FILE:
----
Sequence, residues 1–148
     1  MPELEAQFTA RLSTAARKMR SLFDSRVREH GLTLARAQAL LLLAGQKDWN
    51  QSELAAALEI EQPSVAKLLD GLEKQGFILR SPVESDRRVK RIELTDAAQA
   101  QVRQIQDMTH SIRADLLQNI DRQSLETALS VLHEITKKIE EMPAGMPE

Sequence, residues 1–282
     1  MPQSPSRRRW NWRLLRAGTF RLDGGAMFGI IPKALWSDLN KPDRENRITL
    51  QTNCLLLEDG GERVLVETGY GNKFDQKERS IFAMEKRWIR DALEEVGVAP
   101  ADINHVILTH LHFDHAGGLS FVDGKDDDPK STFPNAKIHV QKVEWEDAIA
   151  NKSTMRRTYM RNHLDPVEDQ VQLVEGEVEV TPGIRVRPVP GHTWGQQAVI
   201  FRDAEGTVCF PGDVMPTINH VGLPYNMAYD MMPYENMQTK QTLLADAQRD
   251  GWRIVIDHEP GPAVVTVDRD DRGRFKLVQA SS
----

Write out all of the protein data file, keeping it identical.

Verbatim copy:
Sequence, residues 1–148
     1  MPELEAQFTA RLSTAARKMR SLFDSRVREH GLTLARAQAL LLLAGQKDWN
    51  QSELAAALEI EQPSVAKLLD GLEKQGFILR SPVESDRRVK RIELTDAAQA
   101  QVRQIQDMTH SIRADLLQNI DRQSLETALS VLHEITKKIE EMPAGMPE

Sequence, residues 1–282
     1  MPQSPSRRRW NWRLLRAGTF RLDGGAMFGI IPKALWSDLN KPDRENRITL
    51  QTNCLLLEDG GERVLVETGY GNKFDQKERS IFAMEKRWIR DALEEVGVAP
   101  ADINHVILTH LHFDHAGGLS FVDGKDDDPK STFPNAKIHV QKVEWEDAIA
   151  NKSTMRRTYM RNHLDPVEDQ VQLVEGEVEV TPGIRVRPVP GHTWGQQAVI
   201  FRDAEGTVCF PGDVMPTINH VGLPYNMAYD MMPYENMQTK QTLLADAQRD
   251  GWRIVIDHEP GPAVVTVDRD DRGRFKLVQA SS